Election day: Southern California voters trickle in to polls
The issues and candidates might not be captivating to voters, but a few are carving out time to hit the polls Tuesday anyway, because, well, they always do it.
In Tuesday’s election, voters are can pick from a list of Republican candidates in a primary that has been all but decided. There’s also a proposition on a smoking tax and a senatorial race, but this year’s primary lacks the buzz of the last presidential primary in 2008, officials say.
Los Angeles voters came out in droves four years ago when both parties had hotly contested primaries. In 2008, 16.28% of registered voters in Los Angeles County had cast a ballot as of 11 a.m., according to Monica Flores, a spokeswoman for the Los Angeles County registrar-recorder.
This year, she said, 7.58% of voters came out, which Flores called “about average” for a presidential primary. Only 6.25% of voters had visited polls by the same hour in 2010 for the gubernatorial primary.
“We expect an afternoon flow after about 3 p.m. or 4 p.m,” Flores added.
“It’s not a high number, but it’s only about a point and a half below 2010" at that hour, Kelley said. “It depends on what’s on the ballot. Primaries have always been lower than a general election.”
Two years ago, Orange County saw only 11% of its voters cast a ballot, Kelley said.
Both counties reported no problems by poll officials with nonpartisan voters illegally casting ballots in the Republican presidential primary, though Kelley said that when one party does not participate in a primary election, "that always causes some confusion.”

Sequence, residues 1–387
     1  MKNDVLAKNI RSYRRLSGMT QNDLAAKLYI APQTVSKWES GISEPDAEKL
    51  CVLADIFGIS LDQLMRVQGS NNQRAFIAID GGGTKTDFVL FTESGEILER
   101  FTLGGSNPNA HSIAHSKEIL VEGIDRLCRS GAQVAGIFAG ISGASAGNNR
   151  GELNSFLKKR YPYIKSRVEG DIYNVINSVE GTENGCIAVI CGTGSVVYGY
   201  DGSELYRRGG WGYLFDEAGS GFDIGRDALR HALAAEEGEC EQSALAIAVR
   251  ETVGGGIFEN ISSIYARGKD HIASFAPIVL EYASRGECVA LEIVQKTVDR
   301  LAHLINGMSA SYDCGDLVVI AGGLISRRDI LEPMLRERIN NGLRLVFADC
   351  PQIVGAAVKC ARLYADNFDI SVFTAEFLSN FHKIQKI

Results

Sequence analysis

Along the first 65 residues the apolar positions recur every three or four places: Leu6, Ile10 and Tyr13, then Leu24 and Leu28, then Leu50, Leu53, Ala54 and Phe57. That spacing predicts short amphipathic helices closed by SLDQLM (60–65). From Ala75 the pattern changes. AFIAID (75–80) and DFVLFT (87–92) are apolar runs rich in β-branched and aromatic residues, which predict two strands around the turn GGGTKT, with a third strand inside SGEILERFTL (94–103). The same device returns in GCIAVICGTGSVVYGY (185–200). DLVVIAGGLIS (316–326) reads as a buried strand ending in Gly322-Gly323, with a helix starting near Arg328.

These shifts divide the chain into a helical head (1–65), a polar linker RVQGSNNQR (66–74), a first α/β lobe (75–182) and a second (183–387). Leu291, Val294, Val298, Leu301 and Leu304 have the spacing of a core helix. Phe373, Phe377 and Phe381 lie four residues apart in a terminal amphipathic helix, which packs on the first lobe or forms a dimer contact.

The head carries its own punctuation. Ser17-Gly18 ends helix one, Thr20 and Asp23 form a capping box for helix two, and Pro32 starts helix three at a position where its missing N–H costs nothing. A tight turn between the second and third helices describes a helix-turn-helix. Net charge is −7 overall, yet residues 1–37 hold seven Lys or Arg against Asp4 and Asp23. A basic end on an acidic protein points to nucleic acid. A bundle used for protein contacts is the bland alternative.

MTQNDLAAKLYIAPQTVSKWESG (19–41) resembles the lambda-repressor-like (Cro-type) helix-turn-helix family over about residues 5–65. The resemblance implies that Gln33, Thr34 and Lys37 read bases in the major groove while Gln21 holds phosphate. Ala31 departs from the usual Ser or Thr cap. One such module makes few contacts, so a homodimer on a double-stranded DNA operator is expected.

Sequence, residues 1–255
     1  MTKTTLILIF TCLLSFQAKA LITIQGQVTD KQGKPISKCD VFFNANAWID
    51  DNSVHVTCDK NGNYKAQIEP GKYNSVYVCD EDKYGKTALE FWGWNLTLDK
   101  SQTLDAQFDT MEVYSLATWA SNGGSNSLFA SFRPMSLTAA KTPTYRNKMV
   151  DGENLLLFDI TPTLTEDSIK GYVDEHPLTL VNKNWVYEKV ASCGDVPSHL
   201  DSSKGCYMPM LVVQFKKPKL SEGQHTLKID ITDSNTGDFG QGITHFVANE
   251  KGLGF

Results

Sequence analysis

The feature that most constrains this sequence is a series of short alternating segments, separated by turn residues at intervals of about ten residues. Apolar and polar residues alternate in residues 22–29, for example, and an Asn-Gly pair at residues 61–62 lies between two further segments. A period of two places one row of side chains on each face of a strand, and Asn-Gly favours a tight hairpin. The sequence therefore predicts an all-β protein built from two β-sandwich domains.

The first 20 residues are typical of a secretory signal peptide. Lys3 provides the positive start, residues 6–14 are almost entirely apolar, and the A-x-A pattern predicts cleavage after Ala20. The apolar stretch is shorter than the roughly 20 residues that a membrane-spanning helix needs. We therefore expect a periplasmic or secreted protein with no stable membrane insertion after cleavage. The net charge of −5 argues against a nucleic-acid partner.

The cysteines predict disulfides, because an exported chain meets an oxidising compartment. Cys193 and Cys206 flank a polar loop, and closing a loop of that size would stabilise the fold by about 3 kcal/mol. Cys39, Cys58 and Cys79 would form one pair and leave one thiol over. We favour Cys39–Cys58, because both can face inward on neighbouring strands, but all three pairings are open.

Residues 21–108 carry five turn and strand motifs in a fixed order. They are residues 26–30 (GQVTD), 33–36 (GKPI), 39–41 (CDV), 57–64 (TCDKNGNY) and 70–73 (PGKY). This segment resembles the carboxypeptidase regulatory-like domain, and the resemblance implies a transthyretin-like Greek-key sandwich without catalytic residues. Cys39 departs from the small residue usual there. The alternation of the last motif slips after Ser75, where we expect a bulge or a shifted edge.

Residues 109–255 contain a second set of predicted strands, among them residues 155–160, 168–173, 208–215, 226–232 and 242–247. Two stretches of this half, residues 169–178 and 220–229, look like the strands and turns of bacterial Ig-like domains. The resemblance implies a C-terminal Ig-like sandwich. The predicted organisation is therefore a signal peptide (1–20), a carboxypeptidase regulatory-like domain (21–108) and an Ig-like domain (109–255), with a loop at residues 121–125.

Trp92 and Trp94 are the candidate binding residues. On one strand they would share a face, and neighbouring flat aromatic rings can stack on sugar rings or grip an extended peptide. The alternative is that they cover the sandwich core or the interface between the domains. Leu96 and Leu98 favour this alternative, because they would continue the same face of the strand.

The relative lull at the polls made Katrina Eagilen shake her head in dismay. Eagilen, a dentist who was in charge of a precinct at the base of Mt. Washington on Tuesday morning, said that by 10 a.m., only 50 people had come in.
“I’m a little bit disappointed,” she said, gesturing at the empty voting booths and the quiet room. “Something so important, we should have the place crowded.”
Vicky Lavery, 50, a resident of Hancock Park, voted Tuesday but offered an explanation for why turnout was so low.
"It's always disappointing that California is so late in the primaries," she said. "It feels like the race has been played out. The results are known before it even gets out to our state.... It's sad that the smaller states decide the big issues."
Others who did vote said they did so not because of any pressing issues on the ballot, but because they believe in the act of voting.
“I’m a voter. I don’t just talk about voting, I take care of it,” said Jenaba Kamara, 27, who works as an organizer for SEIU Local 721. “The more you vote, the better you get at it.”
Or as Philip Rebentisch, 49, a paralegal from Redondo Beach, put it, he cast his ballot simply “because I vote every time there is an election.”
-- Matt Stevens, Jessica Garrison, Jeff Gottlieb and Rosanna Xia
Photo: Congressional candidate Howard Berman and his wife, Janis, cast their vote at a polling station at Shaarey Zedek Congregation in Valley Village. Berman is in a race against Rep. Brad Sherman. Credit: Irfan Khan / Los Angeles Times.